Diluted earnings came in at 82 cents per share, well ahead of analysts’ consensus for 67 cents a share and 45% over the prior-year quarter.
Revenue of $3.4 billion in the period also topped Street forecasts but slid a fraction from $3.58 billion a year ago.
The results did not reflect the blackout with HBO, which took effect last week and will hit the current fourth quarter. But the Univision impasse, which began in July, appeared to leave a major dent in the third quarter. Executives are scheduled to discuss the results with analysts during a conference call today at noon ET.
Net pay-TV subscribers declined 341,000 in the third quarter, compared with an increase of about 16,000 in the third quarter 2017. Core satellite numbers dropped 367,000, while customers signing up for the Internet-delivered skinny bundle Sling TV rose 26,000.
As a pioneer in marketing to U.S. Hispanic TV viewers, Dish features the Dish Latino package, which makes up in the range of 10% of its total subscriber base. With Univision dark for four-plus months, many of those subscribers have likely considered other pay-TV options.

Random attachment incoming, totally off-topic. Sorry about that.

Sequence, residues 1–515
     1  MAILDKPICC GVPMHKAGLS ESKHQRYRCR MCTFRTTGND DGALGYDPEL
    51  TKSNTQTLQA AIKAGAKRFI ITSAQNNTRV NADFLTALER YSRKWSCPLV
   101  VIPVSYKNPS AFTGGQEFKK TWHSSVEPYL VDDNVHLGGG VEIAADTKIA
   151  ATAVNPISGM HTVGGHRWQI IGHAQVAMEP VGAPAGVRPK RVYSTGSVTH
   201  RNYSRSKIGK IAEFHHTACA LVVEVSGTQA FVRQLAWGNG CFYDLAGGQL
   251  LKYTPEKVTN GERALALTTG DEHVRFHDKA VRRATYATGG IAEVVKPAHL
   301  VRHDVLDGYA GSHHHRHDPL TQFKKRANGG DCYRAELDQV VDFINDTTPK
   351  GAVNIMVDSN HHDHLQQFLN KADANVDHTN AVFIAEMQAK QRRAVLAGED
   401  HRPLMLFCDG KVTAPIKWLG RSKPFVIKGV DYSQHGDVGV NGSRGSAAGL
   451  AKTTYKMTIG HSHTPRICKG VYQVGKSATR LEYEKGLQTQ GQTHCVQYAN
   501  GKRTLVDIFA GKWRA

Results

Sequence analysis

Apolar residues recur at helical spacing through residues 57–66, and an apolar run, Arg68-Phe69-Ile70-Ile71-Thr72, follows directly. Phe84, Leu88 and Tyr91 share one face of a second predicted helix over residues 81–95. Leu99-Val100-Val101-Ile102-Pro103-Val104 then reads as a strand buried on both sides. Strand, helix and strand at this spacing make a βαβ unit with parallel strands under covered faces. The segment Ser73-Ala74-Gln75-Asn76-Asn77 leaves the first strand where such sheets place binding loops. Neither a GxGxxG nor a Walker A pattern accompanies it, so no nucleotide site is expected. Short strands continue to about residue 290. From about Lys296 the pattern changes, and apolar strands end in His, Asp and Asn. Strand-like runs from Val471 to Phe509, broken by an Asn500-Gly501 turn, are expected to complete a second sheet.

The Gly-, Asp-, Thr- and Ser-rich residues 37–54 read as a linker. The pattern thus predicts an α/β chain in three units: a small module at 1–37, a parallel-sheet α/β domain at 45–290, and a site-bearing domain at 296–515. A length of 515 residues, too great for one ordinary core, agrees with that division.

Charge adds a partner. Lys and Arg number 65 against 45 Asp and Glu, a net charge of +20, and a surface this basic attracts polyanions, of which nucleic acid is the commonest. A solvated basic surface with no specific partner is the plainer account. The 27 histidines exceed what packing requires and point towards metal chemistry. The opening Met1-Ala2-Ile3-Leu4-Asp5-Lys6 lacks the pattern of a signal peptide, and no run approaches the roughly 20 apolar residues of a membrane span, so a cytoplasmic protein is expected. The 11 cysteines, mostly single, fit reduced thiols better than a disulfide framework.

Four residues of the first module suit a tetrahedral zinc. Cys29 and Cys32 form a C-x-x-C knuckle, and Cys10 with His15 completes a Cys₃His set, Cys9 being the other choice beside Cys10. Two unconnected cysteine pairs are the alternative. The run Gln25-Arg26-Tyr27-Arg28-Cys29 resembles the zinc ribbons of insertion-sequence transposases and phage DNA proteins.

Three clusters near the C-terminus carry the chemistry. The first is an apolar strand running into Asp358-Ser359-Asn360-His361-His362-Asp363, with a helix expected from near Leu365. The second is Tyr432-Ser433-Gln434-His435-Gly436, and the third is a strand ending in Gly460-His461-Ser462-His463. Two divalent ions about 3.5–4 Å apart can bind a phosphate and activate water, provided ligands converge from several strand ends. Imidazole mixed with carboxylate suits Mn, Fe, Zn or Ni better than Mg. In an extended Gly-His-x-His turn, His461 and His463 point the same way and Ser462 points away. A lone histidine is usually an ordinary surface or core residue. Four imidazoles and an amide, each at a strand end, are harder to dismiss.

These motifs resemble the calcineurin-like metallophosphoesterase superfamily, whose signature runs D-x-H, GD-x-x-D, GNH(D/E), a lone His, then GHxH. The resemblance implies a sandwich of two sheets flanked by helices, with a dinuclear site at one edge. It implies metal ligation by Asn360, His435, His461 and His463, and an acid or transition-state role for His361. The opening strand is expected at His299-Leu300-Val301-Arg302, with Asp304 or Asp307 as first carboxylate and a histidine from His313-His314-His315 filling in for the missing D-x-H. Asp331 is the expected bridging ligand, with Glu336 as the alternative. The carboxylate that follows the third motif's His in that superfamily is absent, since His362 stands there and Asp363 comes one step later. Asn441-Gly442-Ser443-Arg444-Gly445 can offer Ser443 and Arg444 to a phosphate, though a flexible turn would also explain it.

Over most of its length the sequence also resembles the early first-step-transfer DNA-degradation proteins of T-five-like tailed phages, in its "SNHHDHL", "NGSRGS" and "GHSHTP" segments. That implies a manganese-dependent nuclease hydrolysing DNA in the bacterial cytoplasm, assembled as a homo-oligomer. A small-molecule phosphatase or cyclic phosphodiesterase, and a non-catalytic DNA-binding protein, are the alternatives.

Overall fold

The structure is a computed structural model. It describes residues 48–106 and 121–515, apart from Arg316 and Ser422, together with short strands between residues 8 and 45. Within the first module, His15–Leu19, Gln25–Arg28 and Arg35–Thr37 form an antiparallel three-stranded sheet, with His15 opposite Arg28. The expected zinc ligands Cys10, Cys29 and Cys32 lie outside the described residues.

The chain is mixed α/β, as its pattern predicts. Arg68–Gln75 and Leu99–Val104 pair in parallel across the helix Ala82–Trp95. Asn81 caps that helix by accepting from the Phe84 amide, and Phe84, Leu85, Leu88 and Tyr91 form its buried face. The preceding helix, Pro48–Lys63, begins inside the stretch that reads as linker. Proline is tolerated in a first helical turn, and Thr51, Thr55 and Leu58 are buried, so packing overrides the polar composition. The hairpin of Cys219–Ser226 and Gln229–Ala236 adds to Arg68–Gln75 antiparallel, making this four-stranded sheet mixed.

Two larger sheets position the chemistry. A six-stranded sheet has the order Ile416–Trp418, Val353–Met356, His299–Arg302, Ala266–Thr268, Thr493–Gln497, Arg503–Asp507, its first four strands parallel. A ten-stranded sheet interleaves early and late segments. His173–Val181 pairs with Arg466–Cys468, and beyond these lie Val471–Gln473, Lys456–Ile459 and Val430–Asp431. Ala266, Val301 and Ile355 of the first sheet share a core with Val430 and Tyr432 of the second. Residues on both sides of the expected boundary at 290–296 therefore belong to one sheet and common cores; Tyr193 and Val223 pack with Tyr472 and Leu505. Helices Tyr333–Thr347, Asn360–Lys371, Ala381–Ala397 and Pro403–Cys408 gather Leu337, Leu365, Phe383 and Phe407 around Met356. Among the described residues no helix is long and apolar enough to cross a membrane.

“Programming disputes at Dish have become so frequent that they are now the rule rather than the exception,” wrote Craig Moffett of MoffettNathanson in a research note after the earnings release. Moffett has a “sell” rating on Dish’s stock.
“Taken collectively, they send a troubling message,” he said of the blackouts. “What Dish seems to be signaling with all of these blackouts is … well, that they don’t want to be in the video business anymore.”
Unlike other pay-TV providers, he noted, the company cannot switch customers to broadband service for them to use in streaming video.
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